We’ve always known that it’s best to turn lemons into lemonade but consider they way that an innovative group of Swedish university students turned a pesky water plant into a solution for affordable menstrual hygiene.
As reported by ecouterre.com in the course of their research, Karin Lidman, Sophie Thornander, Marc Hoogendijk, Lars Marcus Vedeler, and Kristin Tobiassen uncovered the water hyacinth’s impressive absorbency. The scourge of Lake Victoria could be recast as easy-to-make, inexpensive, and biodegradable sanitary napkins to help girls receive the education they need to escape poverty.
The Jani, which means “leaf” or “sheet”, consists of four layers made entirely from water-hyacinth paper. Each tier is imbued with different characteristics, whether it’s perforated holes to improve absorption or a veneer of beeswax to prevent leakage. Slits on the top layer allow the pad to adapt to the wearer’s body, reducing discomfort.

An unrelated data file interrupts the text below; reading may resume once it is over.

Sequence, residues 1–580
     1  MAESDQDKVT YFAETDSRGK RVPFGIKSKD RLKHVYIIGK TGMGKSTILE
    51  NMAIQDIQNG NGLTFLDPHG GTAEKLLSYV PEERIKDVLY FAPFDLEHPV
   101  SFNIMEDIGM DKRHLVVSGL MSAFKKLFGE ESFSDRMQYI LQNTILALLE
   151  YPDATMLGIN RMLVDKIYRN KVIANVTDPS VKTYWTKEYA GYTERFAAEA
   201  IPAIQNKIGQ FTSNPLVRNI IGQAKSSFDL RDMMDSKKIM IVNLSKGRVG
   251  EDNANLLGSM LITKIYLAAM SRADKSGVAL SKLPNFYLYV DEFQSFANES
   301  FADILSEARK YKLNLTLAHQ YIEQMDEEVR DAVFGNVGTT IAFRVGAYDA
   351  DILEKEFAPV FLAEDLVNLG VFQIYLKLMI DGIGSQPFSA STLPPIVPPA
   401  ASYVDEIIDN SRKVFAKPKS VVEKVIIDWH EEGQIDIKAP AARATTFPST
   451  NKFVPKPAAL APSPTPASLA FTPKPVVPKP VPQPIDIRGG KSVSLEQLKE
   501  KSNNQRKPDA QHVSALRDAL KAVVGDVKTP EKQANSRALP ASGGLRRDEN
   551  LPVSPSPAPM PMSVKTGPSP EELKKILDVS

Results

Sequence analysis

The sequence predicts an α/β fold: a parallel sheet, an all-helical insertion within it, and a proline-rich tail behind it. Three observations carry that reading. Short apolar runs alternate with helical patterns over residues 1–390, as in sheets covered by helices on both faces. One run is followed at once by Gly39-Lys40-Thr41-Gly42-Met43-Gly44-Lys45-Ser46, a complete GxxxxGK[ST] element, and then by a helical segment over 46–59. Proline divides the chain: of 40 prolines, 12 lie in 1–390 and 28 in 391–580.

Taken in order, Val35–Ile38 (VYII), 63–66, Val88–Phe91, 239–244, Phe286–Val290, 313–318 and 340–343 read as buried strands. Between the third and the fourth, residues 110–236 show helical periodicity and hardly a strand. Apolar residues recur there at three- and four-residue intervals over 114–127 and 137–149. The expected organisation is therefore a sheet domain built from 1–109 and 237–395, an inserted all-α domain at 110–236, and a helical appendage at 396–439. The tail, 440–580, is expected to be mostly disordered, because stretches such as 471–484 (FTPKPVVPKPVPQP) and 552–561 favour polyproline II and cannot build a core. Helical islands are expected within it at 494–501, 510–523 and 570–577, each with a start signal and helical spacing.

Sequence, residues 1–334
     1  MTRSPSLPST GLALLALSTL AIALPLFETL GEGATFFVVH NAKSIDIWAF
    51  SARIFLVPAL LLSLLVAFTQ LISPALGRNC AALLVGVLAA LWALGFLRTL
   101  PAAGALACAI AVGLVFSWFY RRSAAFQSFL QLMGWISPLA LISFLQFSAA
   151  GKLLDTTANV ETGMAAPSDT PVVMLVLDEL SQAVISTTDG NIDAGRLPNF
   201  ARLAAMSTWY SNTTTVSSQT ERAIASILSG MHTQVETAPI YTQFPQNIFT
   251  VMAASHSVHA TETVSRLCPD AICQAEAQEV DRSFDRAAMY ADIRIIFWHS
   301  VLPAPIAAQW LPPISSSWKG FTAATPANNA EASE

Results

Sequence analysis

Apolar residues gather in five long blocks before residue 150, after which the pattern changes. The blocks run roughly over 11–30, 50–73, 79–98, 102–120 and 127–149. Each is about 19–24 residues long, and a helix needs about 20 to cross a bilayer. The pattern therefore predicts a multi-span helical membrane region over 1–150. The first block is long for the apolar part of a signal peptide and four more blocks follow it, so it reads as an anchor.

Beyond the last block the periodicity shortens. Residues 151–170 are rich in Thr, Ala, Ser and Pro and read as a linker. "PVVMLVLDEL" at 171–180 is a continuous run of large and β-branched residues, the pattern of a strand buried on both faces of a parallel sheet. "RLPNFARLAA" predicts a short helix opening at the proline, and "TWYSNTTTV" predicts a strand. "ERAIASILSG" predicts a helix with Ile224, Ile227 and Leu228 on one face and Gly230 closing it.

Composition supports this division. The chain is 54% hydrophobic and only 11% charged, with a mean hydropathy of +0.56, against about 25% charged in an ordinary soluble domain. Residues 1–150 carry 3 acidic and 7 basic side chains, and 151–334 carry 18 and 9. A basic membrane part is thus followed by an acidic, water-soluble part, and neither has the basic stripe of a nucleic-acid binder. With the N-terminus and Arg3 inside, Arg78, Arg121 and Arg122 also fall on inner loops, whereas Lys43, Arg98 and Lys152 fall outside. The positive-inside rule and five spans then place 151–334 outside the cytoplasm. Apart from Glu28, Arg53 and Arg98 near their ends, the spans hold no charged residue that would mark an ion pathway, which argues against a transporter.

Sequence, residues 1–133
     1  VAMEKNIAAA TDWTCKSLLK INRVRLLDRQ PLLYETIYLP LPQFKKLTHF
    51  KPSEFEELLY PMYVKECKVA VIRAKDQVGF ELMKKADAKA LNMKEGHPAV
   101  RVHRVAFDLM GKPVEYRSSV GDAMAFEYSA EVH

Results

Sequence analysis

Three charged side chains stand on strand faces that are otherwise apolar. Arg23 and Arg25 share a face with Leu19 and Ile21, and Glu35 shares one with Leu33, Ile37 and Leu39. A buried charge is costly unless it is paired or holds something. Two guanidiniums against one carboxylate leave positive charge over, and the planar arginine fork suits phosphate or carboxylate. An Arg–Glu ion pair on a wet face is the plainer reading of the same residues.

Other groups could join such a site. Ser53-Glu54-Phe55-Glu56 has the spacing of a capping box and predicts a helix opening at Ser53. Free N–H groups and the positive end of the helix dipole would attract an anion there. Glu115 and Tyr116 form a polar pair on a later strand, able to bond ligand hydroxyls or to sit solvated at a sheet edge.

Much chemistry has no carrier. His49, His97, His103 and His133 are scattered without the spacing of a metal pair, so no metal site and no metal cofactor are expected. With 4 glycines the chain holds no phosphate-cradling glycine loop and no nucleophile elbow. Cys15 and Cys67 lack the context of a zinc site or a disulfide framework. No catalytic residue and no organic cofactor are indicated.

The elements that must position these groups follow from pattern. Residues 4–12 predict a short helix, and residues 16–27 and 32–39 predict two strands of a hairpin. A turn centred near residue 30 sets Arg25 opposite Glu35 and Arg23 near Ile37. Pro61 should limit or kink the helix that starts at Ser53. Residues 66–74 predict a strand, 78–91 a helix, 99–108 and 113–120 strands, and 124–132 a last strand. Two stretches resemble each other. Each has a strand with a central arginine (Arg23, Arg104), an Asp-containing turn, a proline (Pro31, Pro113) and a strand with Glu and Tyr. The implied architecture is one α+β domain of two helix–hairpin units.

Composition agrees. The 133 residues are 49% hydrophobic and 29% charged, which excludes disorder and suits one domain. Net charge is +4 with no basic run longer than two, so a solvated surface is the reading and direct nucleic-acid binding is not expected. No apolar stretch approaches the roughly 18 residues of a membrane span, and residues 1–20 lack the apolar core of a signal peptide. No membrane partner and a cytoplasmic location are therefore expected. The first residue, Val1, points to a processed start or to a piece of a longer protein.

On their website the pads creators touch on how the social impact of this project is paramount with the desperate needs of women in Africa. “We found out that 870 000 schoolgirls miss 4 days of school every month1, simply because they cannot afford
By: Rachel Cargle
Social Media Manager BUPeriod